It was really convenient to have a dining hall in my building. We got breakfast and dinner there every day, and it was great to see everyone at dinner. It created a real family atmosphere… Unfortunately, the hours in the dining hall weren’t that great, and the food was fairly repetitive. The food in Australia itself was incredible, I really liked the different styles that they had, but the food in my building was average at best

* Social & Cultural Integration:

How integrated did you feel with the local culture?

When I got to Australia, TEAN had a huge orientation for us in Cairns. On our first day there we got to visit some aboriginals, get a tour of the rainforest, and go face to face with some Kangaroos and Koalas. They also taught us some Australian terms that we might need to know before they took us out to The Great Barrier Reef. It didn’t stop there however as when we got to our host city, events continued like a tour of the Sydney Opera House, an NRL game, and much more. Even in my dorm we had events like pub crawls, culture nights, movie nights, and much more to immerse ourselves into the culture. Everywhere I looked I had resources to help be get involved.

* Health Care:

How well were health issues addressed during the program?

Never used it, but there was a clinic right on campus for us to use, so there was a lot of peace of mind when it came to healthcare.

* Safety:

There was on campus security that routinely patrolled campus, and were actually quite friendly. One of the security officers had a go-kart that he drove around, offering free rides back to the dorms. There were also “help” buttons around campus if anyone needed immediate assistance. Sydney is an extremely safe city, and I found UNSW to be arguably the safest spot in the city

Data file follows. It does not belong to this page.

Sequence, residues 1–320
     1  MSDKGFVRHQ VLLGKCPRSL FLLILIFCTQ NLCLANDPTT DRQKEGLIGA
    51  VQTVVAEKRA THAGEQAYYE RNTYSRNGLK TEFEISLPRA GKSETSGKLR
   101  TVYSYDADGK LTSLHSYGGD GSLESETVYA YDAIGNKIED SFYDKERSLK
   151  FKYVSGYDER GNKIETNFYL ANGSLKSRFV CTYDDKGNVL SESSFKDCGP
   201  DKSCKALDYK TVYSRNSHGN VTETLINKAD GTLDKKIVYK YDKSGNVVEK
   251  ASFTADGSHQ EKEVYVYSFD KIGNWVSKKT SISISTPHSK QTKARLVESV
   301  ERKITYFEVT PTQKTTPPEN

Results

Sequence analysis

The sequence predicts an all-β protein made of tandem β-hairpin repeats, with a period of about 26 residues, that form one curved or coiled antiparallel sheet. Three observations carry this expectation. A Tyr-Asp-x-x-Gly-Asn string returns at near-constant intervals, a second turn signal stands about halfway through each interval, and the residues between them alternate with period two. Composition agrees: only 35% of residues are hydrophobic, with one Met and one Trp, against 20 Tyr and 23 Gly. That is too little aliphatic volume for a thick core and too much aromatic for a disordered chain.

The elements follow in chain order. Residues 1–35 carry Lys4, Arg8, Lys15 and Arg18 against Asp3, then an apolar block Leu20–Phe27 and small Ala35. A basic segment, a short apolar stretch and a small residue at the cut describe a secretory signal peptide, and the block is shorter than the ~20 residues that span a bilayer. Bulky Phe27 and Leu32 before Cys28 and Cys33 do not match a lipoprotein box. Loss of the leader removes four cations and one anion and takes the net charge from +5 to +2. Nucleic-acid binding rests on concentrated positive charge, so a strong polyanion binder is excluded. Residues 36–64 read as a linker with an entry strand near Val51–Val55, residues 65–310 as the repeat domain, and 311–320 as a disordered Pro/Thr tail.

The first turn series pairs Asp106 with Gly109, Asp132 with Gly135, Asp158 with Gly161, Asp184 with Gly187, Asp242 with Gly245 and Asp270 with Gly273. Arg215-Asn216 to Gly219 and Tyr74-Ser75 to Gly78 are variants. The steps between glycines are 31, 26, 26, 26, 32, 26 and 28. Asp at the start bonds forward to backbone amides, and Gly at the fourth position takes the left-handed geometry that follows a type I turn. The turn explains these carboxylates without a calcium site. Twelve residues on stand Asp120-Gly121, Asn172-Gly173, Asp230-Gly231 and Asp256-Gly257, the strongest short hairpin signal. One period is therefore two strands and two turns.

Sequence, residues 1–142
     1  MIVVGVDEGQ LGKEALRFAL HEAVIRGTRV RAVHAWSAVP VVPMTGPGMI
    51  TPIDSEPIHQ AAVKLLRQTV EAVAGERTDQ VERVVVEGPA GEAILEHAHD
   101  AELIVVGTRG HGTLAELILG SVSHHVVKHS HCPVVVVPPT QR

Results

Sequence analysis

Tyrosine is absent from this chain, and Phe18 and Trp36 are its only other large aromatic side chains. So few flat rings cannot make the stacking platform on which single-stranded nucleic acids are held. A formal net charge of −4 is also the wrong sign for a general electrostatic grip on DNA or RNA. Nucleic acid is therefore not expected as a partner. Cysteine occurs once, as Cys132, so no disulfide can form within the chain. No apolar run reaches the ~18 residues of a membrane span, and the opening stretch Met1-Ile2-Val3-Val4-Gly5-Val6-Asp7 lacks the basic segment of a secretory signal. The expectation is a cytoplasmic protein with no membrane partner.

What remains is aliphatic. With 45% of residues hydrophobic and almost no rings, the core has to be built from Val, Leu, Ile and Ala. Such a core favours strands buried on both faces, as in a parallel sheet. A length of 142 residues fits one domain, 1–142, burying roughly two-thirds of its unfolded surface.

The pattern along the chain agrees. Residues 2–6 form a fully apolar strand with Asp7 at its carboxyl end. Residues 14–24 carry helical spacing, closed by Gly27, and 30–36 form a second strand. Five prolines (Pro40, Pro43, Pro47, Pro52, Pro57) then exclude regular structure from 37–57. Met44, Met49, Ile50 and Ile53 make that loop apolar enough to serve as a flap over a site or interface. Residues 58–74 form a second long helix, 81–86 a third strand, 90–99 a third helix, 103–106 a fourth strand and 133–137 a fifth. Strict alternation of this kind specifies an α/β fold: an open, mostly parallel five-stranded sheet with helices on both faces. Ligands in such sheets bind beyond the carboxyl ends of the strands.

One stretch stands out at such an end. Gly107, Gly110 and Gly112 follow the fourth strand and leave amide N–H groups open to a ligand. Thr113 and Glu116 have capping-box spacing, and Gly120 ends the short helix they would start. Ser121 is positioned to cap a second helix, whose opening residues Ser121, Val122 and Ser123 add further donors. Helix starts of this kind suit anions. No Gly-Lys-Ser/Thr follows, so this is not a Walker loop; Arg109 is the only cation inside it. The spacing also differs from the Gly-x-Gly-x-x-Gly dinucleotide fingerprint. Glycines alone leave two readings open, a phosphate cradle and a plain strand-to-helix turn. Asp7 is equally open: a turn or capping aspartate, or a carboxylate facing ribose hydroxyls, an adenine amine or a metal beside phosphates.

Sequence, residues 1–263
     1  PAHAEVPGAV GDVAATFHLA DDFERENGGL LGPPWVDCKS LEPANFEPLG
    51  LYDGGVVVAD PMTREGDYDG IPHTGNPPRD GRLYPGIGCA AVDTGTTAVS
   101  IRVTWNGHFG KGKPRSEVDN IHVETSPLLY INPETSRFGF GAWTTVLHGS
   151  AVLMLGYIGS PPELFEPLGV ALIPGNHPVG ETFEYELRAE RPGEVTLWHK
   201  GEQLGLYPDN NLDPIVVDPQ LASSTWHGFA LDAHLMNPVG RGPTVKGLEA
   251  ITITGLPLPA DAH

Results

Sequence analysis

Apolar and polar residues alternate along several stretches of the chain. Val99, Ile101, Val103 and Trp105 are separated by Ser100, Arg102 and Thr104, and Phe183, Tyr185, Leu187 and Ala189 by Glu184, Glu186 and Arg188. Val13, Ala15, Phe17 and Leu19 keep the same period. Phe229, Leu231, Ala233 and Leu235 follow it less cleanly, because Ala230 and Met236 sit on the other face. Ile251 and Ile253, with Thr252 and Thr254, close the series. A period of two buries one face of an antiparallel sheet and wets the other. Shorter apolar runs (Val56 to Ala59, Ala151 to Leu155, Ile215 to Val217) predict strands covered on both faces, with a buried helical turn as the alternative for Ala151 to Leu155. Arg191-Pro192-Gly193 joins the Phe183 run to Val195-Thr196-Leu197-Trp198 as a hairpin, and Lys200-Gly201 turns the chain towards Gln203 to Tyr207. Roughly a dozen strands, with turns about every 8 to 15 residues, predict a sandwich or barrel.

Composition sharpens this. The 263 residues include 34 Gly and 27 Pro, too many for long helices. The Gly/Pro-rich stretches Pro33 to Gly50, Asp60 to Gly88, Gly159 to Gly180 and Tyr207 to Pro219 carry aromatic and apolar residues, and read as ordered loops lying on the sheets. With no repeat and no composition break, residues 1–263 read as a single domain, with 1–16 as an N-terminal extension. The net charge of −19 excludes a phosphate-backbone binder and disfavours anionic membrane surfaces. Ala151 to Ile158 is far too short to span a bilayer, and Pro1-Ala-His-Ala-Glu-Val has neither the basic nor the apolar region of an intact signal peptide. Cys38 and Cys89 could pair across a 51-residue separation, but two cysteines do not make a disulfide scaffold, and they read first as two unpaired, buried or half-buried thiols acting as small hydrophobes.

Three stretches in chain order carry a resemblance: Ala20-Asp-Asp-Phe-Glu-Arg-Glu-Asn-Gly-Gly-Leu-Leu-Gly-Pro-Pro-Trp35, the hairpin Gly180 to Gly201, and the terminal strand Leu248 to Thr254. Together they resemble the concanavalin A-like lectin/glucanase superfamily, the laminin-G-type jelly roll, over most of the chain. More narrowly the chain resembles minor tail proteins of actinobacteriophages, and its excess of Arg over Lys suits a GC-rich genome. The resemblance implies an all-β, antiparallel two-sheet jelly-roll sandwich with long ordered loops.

If you could do it all over again would you choose the same program? Yes

The Education Abroad Network gave me the best experience of my life. I wish I could point out a singular thing that they did, but there were just too many good things to choose from. My first day on the ground every single staffer came up to me, introduced themselves, and took the time to get to know me, and in a foreign country that's so valuable. Not only were they fantastic resources, but (and its really cheesy to say,) they also felt like friends, and that went a long way. The range of activities that I had with TEAN, the all inclusive orientation experience, the Melbourne trip, the cultural events like the NRL game and surfing at Bondi Beach, the list of what TEAN gave to me is endless. Again, I hate being this cheesy but my study abroad experience would have been fairly average if it wasn't for TEAN. I can't imagine having done this trip with someone else and having as good of a time.